2. Nolley contends that the prohibition against double jeopardy requires that all of his convictions for violations of the Street Gang Act in counts 3, 5, 7, 8, 9, 12, 13, 14, 15, 16, 17, 18, and 19 merge into the conviction on count 11 under which he was found guilty of violating OCGA § 16–15–4(d) of the Street Gang Act by being an organizer of the gang who directly engaged in criminal gang activity, to wit: “the shooting of David Hammond.” The substantive protection afforded under constitutional and statutory double jeopardy provisions prohibits multiple criminal convictions or punishments arising from the same conduct if one crime is included in the other. Drinkard v. Walker, 281 Ga. 211, 212, 636 S.E.2d 530 (2006); U.S. Const. amend. V; Ga. Const. of 1983, Art. I, Sec. I, Par. XVIII; OCGA §§ 16–1–6(1); 16–1–7(a). Drinkard adopted the “required evidence” test to determine when one crime is “included in” and merges into another—“where the same act or transaction constitutes a violation of two distinct statutory provisions, the test to be applied to determine whether there are two offenses or only one, is whether each provision requires proof of a fact which the other does not.” 281 Ga. at 215, 636 S.E.2d 530. The test focuses on the evidence required to establish the statutory elements of each criminal offense, not the actual evidence presented at trial. Applying the Drinkard test, Nolley contends, for example, that counts 3 and 11 arose from the same transaction, and that count 3, which charged he was associated with the gang and participated in gang activity by attempted armed robbery of Hammond, was established by proof of the same or less than all the facts required to prove count 11, which charged that he was a gang organizer who participated in the same gang activity by shooting Hammond during the attempted armed robbery. Although the State concedes that Drinkard would require merger of count 3 into count 11, we find no basis to apply the Drinkard test to Nolley's contention that all the Street Gang Act convictions merge into count 11.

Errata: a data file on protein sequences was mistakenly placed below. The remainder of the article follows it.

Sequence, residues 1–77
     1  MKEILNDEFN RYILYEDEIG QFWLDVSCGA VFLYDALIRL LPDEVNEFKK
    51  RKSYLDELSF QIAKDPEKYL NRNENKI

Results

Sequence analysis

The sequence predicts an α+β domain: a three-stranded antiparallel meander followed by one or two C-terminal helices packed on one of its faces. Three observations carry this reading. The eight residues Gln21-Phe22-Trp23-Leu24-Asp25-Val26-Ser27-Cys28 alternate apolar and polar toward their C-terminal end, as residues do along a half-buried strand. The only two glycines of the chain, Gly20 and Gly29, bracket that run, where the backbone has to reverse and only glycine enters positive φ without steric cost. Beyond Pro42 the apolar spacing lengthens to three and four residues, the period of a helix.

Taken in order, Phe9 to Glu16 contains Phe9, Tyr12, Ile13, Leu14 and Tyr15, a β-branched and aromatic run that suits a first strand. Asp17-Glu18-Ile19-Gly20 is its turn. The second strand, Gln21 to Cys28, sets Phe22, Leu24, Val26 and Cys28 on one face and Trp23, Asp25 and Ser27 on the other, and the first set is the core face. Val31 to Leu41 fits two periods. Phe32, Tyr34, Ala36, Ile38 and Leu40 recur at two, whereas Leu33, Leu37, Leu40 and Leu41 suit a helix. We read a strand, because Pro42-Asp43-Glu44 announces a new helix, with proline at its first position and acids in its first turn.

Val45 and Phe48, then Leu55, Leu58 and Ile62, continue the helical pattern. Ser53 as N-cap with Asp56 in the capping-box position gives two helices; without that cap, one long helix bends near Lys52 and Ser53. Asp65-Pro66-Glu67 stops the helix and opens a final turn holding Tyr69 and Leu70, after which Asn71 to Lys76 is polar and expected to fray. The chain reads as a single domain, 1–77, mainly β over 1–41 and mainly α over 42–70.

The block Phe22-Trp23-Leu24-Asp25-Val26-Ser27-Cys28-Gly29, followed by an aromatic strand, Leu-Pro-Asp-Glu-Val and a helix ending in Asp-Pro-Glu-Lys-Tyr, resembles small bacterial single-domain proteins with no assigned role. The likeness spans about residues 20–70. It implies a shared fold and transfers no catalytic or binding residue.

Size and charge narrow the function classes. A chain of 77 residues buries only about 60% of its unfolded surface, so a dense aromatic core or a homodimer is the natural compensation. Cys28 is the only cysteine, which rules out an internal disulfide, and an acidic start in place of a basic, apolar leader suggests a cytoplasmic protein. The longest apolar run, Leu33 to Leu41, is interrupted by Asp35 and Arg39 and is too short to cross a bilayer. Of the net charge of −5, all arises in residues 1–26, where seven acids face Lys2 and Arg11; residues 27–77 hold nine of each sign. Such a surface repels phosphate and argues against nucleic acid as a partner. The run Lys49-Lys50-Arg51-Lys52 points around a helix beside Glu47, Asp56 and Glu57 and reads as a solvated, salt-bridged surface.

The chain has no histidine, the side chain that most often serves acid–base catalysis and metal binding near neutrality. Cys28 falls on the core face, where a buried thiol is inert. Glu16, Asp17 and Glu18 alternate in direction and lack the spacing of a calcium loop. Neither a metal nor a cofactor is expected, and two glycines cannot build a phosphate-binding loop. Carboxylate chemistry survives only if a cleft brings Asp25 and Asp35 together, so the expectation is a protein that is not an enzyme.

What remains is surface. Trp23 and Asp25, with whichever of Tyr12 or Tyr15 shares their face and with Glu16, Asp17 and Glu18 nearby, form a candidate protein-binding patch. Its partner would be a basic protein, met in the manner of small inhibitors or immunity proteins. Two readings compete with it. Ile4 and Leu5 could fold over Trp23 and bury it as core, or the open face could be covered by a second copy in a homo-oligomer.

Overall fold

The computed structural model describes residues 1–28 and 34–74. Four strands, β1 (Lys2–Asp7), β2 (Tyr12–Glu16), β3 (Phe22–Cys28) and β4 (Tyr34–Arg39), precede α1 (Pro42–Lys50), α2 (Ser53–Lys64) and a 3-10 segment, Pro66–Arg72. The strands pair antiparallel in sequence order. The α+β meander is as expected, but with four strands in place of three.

As set forth in division 1, supra, these counts charged Nolley with separate criminal violations of the Street Gang Act set forth in subsections (a), (b), (d), and (e) of OCGA § 16–15–4. Subsection (m) of OCGA § 16–15–4 provides: “Any crime committed in violation of this Code section shall be considered a separate offense.” Under the plain language of this provision, the Legislature determined that any crime committed in violation of OCGA § 16–15–4 is a separate offense which does not merge with another separate offense under the code section or with any predicate offense listed in the code section. The Legislature has the power to authorize multiple criminal convictions or punishments arising out of the same act or transaction. Mathis v. State, 273 Ga. 508, 509, 543 S.E.2d 712 (2001). Because the Legislature has the power to define crimes and fix punishments, the protection against double jeopardy is limited to assuring that the court does not “exceed its legislative authorization by imposing multiple punishments for the same offense.” Brown v. Ohio, 432 U.S. 161, 165, 97 S.Ct. 2221, 53 L.Ed.2d 187 (1977). Legislative intent to exercise this power in OCGA § 16–15–4(m) of the Street Gang Act is expressed in OCGA § 16–15–2(b) and (c) of the Act which provides:

The General Assembly ․ finds that the State of Georgia is in a state of crisis which has been caused by violent criminal street gangs whose members threaten, terrorize, and commit a multitude of crimes against the peaceful citizens of their neighborhoods. These activities, both individually and collectively, present a clear and present danger to public order and safety and are not constitutionally protected․ It is the intent of the General Assembly in enacting this chapter to seek the eradication of criminal activity by criminal street gangs by focusing upon criminal gang activity and upon the organized nature of criminal street gangs which together are the chief source of terror created by criminal street gangs.

Accordingly, the Drinkard test does not apply to Nolley's multiple convictions for violations of distinct criminal offenses set forth in OCGA § 16–15–4(a), (b), (d), and (e).